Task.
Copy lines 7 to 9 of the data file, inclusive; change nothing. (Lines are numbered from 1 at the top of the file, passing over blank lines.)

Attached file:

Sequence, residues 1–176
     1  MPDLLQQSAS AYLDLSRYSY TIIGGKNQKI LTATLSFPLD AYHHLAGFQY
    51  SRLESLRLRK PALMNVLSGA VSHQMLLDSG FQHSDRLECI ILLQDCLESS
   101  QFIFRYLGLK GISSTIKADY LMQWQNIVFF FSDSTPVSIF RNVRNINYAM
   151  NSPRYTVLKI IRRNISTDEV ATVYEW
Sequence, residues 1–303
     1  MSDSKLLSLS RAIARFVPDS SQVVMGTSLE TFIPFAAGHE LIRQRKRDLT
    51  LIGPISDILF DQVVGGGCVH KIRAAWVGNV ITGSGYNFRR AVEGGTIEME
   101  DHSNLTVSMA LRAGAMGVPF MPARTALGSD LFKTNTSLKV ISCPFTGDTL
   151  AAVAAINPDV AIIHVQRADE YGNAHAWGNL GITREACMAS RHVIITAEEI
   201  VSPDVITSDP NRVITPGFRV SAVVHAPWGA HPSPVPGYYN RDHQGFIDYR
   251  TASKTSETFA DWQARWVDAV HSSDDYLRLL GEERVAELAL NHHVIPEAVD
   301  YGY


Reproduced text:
     1  MSDSKLLSLS RAIARFVPDS SQVVMGTSLE TFIPFAAGHE LIRQRKRDLT
    51  LIGPISDILF DQVVGGGCVH KIRAAWVGNV ITGSGYNFRR AVEGGTIEME
   101  DHSNLTVSMA LRAGAMGVPF MPARTALGSD LFKTNTSLKV ISCPFTGDTL